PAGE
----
With a DTI ratio of more than 43 percent, you may have a smaller chance of getting approved for a loan. However, if you can cut your monthly debt service by $300, your DTI ratio will drop to 40 percent, giving you a better chance for approval.


Tips for reducing your debt


To get an idea of where you stand, add up all the monthly payments you make and divide that number by your gross monthly income. If student debt is pushing you over the top, here are some tips to help you reduce your monthly debt load so that you can qualify.


1. Start early. If you wait until the last minute to reduce your debt load, you won’t have many options. Start a year before you plan to buy a home and create a plan that will bring your monthly debt load down to a level that will pass muster with a lender.


2. Pay off low balances. Review your credit accounts and pay off those with low balances. By doing so, you can quickly lower your monthly debt service.


3. Consolidate consumer credit. Shop around for a credit card with a low APR, even if it’s a temporary deal. Use it to pay off your expensive accounts.


4. Reduce your living expenses. The more money you save, the more money you can put down on your new home. Eat out less, take public transportation, and cut back on trips to the coffee shop.


5. Increase your income. Take a part-time job or do freelance work to augment your income. Use the proceeds to pay down debt.


6. Avoid new debt. Wait until after you have purchased your house to make large purchases on your credit card or buy a new car.


Student debt need not keep you from becoming a homeowner. Good planning and money management can help make the dream of homeownership a reality.


Steve Cook is executive vice president of Reecon Advisors and covers government and industry news for the Reecon Advisory Report. He is a member of the National Press Club, the Public Relations Society of America, and the National Association of Real Estate Editors, where he served as second vice president. Twice he has been named one of the 100 most influential people in real estate. In addition to serving as managing editor of the Report, Cook provides public relations consulting services to real estate companies, financial services companies, and trade associations, including some of the leading companies in online residential real estate.




The information contained in this blog post is designed to generally educate and inform visitors to the Equifax Finance Blog. The blog posts do not give, and should not be assumed to provide, personalized tax, investment, real estate, legal, retirement, credit, personal financial, or other professional advice. Before making any financial decision, you should always consult with the appropriate professionals who can explain your options, rights, and legal responsibilities, and advise you on any tax, legal, credit, or business implications that may result from those decisions. The views and opinions expressed by the authors of blog posts are their own views and may not be the views or opinions of Equifax, Inc. and/or its affiliates.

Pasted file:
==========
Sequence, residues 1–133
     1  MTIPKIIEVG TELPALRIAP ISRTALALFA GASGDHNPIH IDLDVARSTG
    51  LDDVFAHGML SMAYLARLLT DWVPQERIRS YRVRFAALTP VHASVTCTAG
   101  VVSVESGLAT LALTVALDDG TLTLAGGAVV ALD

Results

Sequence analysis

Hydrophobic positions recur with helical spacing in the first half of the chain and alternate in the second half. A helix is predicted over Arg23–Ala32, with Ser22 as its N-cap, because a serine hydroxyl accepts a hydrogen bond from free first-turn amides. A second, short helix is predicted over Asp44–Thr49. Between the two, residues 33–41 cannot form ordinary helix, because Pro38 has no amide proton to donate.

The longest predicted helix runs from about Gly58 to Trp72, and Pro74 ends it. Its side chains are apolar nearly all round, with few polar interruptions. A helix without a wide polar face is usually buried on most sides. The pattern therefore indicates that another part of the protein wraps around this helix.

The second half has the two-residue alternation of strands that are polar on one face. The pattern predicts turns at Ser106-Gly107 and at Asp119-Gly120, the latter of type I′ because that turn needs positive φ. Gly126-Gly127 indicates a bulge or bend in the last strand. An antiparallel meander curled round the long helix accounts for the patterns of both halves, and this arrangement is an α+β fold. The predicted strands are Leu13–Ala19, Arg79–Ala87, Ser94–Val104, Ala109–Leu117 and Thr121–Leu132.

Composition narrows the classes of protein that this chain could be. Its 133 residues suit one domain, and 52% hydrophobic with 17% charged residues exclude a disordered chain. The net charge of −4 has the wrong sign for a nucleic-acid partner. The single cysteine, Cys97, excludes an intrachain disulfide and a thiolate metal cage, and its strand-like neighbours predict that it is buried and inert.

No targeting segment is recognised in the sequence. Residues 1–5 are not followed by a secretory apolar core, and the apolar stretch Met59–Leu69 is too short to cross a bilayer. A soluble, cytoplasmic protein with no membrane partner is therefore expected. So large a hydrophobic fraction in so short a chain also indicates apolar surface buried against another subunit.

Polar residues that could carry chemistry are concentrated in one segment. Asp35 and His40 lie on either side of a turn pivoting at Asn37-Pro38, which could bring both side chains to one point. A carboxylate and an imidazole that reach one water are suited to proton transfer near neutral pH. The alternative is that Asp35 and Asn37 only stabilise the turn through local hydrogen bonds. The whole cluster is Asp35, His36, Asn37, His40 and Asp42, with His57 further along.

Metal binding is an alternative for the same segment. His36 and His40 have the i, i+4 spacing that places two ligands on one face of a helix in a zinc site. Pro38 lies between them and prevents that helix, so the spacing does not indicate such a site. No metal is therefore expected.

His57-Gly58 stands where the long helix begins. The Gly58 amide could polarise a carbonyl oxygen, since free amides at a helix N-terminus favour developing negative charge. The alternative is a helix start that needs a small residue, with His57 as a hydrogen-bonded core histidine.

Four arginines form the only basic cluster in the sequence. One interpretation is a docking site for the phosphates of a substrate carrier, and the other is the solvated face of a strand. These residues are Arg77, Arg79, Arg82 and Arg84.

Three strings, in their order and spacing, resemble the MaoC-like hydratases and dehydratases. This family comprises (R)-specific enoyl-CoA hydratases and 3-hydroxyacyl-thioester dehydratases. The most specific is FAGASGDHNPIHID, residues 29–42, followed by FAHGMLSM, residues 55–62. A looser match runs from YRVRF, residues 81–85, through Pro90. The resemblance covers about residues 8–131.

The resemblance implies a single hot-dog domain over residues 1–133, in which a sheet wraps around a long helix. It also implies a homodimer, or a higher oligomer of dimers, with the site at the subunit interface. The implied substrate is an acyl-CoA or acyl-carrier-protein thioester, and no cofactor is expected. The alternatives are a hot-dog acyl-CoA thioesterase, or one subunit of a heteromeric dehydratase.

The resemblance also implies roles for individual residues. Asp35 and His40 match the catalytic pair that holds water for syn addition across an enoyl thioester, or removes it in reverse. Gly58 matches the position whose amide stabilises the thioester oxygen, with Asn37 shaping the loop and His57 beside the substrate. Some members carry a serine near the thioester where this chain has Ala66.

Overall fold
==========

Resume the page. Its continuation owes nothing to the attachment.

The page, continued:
By marylourea32039196, Aug 22 2016 11:34PM

How Much Should You Offer on a House?

Written by Steve Cook on September 17, 2014 in Real Estate

How-much-should-you-offer-on-a-house when you finally find your dream home after weeks, months, or even years of searching, the first step you must take to make it your own is to make the seller an offer.

Unless you’re a real estate professional, chances are it’s not every day that you make an offer for hundreds of thousands of dollars that you will be repaying over the next 30 years. As you might expect, there’s more to putting together the right offer than throwing darts at a target.

So, how do you go about making a fair offer that won’t be a dollar higher than necessary to get the seller to say yes? There are three keys to putting a together a winning offer: valuation, market price, and house-specific issues.

Valuation. First, you need to find out what the house is worth—its value rather than its list price. Value, sometimes called fair market value, is the house’s actual worth. It changes slowly over time or to reflect improvements.

It’s in your best interest to come up with the most accurate valuation you can early in the process of making an offer. If you are taking out a mortgage to buy a home, your lender will order an appraisal after your offer is accepted. Its valuation will determine how much you will actually be able to borrow. If you and the seller have agreed on a price that is way over the home’s valuation, you won’t be able to get the loan.

Appraisers look at three comparable homes—homes that are the same size and that are located within one-half mile to a mile from the property you’re purchasing—that have sold within the past six months. You can obtain that information yourself to do your own analysis before making an offer. (Remember to look at the price for which the home sold, not the price at which it was listed.)

You can find this information online, or your real estate agent can obtain it for you. Better still, your agent can do a competitive market analysis (CMA), which also looks at properties in escrow and properties listed on your local multiple listing service (MLS). The CMA will give you an idea of what price to offer on the home.

Market trends. Do you live in a buyer’s market, a seller’s market, or a market that is balanced? These terms describe how supply and demand impact home prices. In late spring of 2013, for example, home prices in California markets such as Oakland, Sacramento, and Stockton soared as much as 30 percent to 40 percent higher than the previous year simply because inventories were very low and buyers were eager to purchase homes before interest rates rose.

Taking the temperature of your market is relatively easy. Your real estate agent can give you information on trends in sales, price changes, inventories, and market time. You can also find some of this information on such as Realtor.com, Homes.com, and Movoto.com. Keep in mind that home prices and market times are seasonal, and can also vary drastically within ZIP codes.